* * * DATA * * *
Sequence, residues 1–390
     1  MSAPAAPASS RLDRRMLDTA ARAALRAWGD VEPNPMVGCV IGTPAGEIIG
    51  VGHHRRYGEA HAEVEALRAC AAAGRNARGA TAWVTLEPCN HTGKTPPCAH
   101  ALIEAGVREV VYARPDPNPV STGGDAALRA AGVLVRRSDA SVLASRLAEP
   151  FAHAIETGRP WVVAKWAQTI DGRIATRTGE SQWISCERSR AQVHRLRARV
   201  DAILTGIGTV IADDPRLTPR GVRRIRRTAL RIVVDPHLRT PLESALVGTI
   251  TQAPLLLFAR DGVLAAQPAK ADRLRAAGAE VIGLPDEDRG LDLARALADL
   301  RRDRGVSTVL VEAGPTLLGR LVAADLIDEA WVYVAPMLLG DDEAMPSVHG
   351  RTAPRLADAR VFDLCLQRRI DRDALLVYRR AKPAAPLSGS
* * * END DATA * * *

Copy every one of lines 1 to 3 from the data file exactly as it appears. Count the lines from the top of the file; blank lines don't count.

Sequence, residues 1–390
     1  MSAPAAPASS RLDRRMLDTA ARAALRAWGD VEPNPMVGCV IGTPAGEIIG
    51  VGHHRRYGEA HAEVEALRAC AAAGRNARGA TAWVTLEPCN HTGKTPPCAH